6. 6. Wiley SR, Schooley KSmolak PJ, Din WS, Huang CP, et al.(1995) Identification and characterization of a new member of the TNF family that induces apoptosis. Immunity 3: 673–682.
  7. 7. Pitti RM, Marsters SA, Ruppert S, Donahue CJ, Moore A, et al. (1996) Induction of apoptosis by Apo-2 ligand, a new member of the tumor necrosis factor cytokine family. J Biol Chem 271: 12687–12690.
  8. 8. Grataroli R, Vindrieux D, Selva J, Felsenheld C, Ruffion A, et al. (2004) Characterization of tumour necrosis factor-alpha-related apoptosis-inducing ligand and its receptors in the adult human testis. Mol Hum Reprod 10: 123–128.
  9. 9. Grataroli R, Vindrieux D, Gougeon A, Benahmed M (2002) Expression of tumor necrosis factor-alpha-related apoptosis-inducing ligand and its receptors in rat testis during development. Biol Reprod 66: 1707–1715.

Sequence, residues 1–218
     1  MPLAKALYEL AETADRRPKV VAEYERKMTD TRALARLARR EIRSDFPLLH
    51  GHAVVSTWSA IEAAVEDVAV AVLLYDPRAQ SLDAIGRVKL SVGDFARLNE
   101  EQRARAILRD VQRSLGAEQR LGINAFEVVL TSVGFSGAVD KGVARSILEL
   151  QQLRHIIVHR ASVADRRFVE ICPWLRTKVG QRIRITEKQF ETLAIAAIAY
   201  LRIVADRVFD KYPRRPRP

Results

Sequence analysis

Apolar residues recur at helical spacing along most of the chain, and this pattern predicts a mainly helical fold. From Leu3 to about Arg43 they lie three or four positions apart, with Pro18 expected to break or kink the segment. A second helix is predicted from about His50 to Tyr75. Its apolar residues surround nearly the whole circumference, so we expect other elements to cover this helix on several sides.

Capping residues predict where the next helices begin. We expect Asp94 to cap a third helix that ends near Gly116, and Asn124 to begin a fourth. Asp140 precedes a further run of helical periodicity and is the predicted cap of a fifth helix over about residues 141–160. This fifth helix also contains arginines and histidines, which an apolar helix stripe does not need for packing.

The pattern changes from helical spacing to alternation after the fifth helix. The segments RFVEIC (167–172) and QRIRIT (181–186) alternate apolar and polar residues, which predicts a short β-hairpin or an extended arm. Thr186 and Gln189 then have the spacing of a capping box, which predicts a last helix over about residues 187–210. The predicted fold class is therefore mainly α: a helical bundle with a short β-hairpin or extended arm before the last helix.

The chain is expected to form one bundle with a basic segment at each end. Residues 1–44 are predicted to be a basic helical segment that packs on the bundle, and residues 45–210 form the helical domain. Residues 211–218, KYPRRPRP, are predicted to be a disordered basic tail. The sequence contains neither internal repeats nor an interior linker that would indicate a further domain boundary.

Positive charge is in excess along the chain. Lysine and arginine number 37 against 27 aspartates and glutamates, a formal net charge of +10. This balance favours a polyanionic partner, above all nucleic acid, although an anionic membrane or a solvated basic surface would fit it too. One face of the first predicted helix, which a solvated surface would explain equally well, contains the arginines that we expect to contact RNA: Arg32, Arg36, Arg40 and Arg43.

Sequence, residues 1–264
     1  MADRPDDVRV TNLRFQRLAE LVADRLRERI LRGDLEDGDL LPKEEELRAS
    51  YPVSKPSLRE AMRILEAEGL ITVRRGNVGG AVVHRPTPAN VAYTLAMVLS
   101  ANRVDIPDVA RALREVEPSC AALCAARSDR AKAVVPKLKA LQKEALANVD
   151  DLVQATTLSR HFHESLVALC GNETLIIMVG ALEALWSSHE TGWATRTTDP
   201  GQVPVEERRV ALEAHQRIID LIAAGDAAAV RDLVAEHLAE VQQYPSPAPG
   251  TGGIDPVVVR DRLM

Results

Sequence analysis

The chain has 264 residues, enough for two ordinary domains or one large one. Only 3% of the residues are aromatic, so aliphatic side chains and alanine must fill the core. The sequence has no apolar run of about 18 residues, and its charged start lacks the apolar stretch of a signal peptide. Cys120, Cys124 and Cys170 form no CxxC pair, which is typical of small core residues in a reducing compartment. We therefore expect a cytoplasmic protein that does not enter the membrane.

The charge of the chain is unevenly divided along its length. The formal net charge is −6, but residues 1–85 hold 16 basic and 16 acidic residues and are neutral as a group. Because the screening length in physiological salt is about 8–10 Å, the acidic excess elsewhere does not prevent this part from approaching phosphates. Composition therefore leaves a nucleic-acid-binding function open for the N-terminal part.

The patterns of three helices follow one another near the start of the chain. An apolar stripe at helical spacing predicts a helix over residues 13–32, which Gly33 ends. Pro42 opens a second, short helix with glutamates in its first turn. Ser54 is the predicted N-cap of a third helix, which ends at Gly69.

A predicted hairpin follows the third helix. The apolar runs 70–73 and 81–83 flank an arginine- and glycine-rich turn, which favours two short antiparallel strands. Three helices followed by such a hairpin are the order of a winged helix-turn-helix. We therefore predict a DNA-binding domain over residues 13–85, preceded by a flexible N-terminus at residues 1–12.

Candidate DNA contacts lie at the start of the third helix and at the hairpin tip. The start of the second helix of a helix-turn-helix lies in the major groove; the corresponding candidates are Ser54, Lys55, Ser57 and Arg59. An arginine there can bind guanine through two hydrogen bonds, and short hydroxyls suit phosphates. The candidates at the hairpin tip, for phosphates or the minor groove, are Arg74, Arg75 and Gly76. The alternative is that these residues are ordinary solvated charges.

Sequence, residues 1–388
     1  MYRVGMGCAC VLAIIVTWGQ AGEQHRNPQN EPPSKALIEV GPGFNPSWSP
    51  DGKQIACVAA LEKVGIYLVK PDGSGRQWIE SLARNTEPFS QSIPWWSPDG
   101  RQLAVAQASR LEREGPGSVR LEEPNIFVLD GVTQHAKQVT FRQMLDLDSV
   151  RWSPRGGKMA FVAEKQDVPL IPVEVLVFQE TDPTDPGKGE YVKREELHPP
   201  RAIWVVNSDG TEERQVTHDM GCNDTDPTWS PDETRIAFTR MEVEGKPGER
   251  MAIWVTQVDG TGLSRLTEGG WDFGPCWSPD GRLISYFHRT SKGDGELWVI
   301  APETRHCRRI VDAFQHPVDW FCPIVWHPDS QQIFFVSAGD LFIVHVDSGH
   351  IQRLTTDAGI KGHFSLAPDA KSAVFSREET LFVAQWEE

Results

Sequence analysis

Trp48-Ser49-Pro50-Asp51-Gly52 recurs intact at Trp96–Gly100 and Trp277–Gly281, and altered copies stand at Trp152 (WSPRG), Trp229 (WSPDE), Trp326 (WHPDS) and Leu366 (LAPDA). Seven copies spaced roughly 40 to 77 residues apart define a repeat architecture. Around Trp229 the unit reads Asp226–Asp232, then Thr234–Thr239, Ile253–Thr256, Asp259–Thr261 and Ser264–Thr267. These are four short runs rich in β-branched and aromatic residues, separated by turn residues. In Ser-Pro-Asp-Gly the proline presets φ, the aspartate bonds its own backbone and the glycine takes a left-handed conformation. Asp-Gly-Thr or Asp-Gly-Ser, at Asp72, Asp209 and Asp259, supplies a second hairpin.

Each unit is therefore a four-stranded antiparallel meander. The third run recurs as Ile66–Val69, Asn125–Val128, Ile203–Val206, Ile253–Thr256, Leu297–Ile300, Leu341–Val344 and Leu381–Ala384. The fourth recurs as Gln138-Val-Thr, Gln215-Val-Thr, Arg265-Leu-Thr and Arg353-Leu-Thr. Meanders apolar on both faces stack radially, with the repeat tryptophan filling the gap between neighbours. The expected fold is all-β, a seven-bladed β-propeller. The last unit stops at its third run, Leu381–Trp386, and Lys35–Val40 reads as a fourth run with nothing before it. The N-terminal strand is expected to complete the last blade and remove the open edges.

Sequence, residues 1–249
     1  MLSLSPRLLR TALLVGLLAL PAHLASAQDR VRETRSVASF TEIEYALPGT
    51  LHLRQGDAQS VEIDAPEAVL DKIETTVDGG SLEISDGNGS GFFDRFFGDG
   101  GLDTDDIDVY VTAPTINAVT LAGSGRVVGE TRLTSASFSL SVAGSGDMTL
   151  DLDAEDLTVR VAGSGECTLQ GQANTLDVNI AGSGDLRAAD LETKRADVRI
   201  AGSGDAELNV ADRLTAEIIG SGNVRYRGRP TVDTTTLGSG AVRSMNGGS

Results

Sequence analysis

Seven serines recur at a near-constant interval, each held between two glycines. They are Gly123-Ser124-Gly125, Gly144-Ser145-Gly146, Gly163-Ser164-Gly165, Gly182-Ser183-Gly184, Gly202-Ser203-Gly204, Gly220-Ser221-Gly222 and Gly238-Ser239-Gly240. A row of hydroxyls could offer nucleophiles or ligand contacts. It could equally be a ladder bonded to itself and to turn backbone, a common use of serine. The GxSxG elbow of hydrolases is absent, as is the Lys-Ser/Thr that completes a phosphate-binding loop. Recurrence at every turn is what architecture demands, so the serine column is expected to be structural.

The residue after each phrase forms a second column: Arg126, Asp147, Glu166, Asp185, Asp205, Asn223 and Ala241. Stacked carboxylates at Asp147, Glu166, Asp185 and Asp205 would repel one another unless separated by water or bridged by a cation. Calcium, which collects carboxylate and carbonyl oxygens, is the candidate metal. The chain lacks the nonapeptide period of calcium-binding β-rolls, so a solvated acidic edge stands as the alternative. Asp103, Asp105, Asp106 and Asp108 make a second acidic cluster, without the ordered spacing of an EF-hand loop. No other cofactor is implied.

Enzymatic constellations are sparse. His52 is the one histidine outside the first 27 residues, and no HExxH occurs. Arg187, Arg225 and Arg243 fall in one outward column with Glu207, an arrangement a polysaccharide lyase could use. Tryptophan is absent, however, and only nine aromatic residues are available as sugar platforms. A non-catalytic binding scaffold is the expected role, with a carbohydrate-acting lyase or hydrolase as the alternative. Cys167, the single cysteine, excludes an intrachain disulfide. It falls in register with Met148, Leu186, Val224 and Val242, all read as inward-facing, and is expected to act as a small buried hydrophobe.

10. 10. Pan G, O’Rourke K, Chinnaiyan AM, Gentz R, Ebner R, et al. (1997) The receptor for the cytotoxic ligand TRAIL. Science 276: 111–113.
  11. 11. Chaudhary PM, Eby M, Jasmin A, Bookwalter A, Murray J, et al. (1997) Death receptor 5, a new member of the TNFR family, and DR4 induce FADD-dependent apoptosis and activate the NF-kappaB pathway. Immunity 7: 821–830.
  12. 12. Wu GS, Burns TF, Zhan Y, Alnemri ES, El-Deiry WS (1999) Molecular cloning and functional analysis of the mouse homologue of the KILLER/DR5 tumor necrosis factor-related apoptosis-inducing ligand (TRAIL) death receptor. Cancer Res 59: 2770–2775.
  13. 13. Kuang AA, Diehl GE, Zhang J, Winoto A (2000) FADD is required for DR4- and DR5-mediated apoptosis: lack of trail-induced apoptosis in FADD-deficient mouse embryonic fibroblasts. Journal of Biological Chemistry 275: 25065–25068.
  14. 14. Ashkenazi A, Herbst RS (2008) To kill a tumor cell: the potential of proapoptotic receptor agonists. J Clin Invest 118: 1979–1990.